From News.Com.AU (Couriermail.Com)
Emissions trading scheme futile
by Bob Carter
NATURAL climate changes include warmings, coolings and more abrupt steps represented by the Great Pacific Climate Shift in 1977.
Meanwhile, lurking in the background lies the threat of visitation of another Little Ice Age.
The Rudd Government's emissions trading policy deals only with the threat of presumed human-caused warming, and ignores the other all-too-real climate threats. The Government's intended emissions trading scheme, therefore, does not represent proper climate policy but rather constitutes a human global warming policy - which is an entirely different, and speculative, matter.
For the hypothesis that human carbon dioxide emissions are causing dangerous global warming has failed the tests to which it has been subjected. One important test is that global temperature has failed to increase since 1998 despite an increase in atmospheric carbon dioxide of almost 5 per cent since then.
So to say that human-caused global warming is proven to be a dangerous problem is untrue, and to introduce policies aimed at stopping presumed warming when cooling is actually under way is vainglorious. An emissions trading scheme also will represent an expensive act of futility, because its introduction will have no measurable effect on future climate. Even worse, the costs of emissions trading will be levied disproportionately against the members of our society least able to afford them.
Yet everything that we know from the study of past climate change indicates a real climate problem exists, which is the risk of natural climate change, both warmings and the much more dangerous coolings and sudden climatic events.
Study of the geological record reveals many instances of natural climate change of a speed and magnitude that would be hazardous to human life and economic wellbeing should they be revisited upon today's planet.
Rapid temperature switches of several degrees within a few years to a decade have long been known from evidence in ice cores and other ancient climate records.
More modern instrumental data record similarly rapid changes. In Greenland during the 1920s five coastal weather stations sustained average annual temperature rises between 2C and 4C (and by as much as 6C in winter) in under 10 years.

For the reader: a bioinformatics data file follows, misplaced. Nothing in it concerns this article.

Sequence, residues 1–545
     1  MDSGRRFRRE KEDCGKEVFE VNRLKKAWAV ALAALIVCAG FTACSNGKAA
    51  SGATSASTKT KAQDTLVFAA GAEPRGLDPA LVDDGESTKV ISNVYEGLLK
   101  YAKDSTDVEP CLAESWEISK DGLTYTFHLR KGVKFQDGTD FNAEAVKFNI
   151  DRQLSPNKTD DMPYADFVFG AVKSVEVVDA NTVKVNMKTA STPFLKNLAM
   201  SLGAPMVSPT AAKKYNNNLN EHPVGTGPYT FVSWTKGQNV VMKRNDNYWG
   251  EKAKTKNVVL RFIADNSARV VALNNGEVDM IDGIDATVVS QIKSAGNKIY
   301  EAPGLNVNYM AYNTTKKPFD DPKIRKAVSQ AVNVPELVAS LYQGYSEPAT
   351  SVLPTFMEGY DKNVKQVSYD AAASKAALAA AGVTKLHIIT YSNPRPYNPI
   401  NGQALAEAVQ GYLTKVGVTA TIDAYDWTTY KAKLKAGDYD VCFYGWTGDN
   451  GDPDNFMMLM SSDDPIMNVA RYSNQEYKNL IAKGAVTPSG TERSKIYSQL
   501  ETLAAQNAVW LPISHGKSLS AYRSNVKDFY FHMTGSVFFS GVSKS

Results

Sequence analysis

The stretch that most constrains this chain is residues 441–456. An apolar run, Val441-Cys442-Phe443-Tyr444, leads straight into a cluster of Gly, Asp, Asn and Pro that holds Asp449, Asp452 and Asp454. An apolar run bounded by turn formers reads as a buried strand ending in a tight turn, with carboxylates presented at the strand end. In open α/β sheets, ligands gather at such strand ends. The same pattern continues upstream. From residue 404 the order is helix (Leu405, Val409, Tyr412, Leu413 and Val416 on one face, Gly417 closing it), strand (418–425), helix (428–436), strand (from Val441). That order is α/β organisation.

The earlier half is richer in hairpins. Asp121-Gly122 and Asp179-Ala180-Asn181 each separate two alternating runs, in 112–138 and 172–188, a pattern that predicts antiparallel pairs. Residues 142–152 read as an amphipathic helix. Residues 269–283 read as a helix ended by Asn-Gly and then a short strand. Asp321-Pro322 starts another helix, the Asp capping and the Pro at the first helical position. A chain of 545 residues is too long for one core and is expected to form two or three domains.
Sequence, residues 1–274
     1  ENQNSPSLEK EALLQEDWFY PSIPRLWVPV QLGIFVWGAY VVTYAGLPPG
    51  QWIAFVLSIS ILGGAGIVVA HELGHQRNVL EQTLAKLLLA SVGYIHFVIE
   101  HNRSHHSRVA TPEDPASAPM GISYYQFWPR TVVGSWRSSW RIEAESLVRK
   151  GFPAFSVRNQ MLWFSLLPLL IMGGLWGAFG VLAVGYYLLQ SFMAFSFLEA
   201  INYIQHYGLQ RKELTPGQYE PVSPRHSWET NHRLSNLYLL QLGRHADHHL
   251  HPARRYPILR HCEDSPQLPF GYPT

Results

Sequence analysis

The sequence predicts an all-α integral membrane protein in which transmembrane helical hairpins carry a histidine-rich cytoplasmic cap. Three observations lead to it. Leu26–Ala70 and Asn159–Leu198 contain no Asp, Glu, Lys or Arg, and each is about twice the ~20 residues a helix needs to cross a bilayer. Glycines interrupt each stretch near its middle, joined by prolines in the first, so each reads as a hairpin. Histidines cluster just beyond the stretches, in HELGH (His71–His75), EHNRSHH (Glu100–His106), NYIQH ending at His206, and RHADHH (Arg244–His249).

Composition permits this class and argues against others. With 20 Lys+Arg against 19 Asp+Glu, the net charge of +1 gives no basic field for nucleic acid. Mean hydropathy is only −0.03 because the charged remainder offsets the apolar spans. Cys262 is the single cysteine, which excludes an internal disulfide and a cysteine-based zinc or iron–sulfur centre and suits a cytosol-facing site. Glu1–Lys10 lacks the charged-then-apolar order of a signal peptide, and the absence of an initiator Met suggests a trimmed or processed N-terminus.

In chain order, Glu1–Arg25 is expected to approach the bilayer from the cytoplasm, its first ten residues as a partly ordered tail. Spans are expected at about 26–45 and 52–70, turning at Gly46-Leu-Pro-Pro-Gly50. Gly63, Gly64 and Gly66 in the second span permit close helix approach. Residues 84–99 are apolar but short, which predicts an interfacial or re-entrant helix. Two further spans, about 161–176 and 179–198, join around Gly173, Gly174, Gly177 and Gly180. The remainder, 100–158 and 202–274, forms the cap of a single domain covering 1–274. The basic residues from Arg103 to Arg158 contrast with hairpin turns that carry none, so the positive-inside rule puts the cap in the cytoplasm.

At the same time, human history records many examples of damaging short-term climatic hazards such as storms, floods and droughts. Nearly all these varied climatic events remain unpredictable.
Human influence aside, therefore, it is certain that natural climate change will continue.
In dealing with the certainties and uncertainties of climate change, the key issue is prudent risk assessment. As for other natural planetary hazards, policies to cope with climate change should be based on adaptation to the change as it happens, and include the provision of financial help for those disadvantaged by the change.
Therefore an appropriate public policy on climate change should, first, monitor changes as they occur and continue to do so; and, second, respond and adapt to any changes in the same way that we deal with other damaging natural events.
New Zealand already has such a national monitoring and response system in place for earthquake, volcanic and flood disasters, linked to a compensation and insurance system.
The certainty is that natural climate change and variation will continue. But like Holland in the past, adapt we must and will.
More research and better policy advice is needed on how best to manage water and agricultural resources, and urban growth, in the context of natural climate changes certain to occur.
Even were generous new funding to be provided towards these ends, the net cost would be orders of magnitude less than will be engendered by introducing a fundamentally misconceived emissions trading scheme.
To boot, contingent damage to the economy, standard of living and world food supply would be avoided.
Does that sound like a good deal, Minister?
Bob Carter is a research professor in geology and environmental science at James Cook University, Townsville.
Emissions trading scheme futile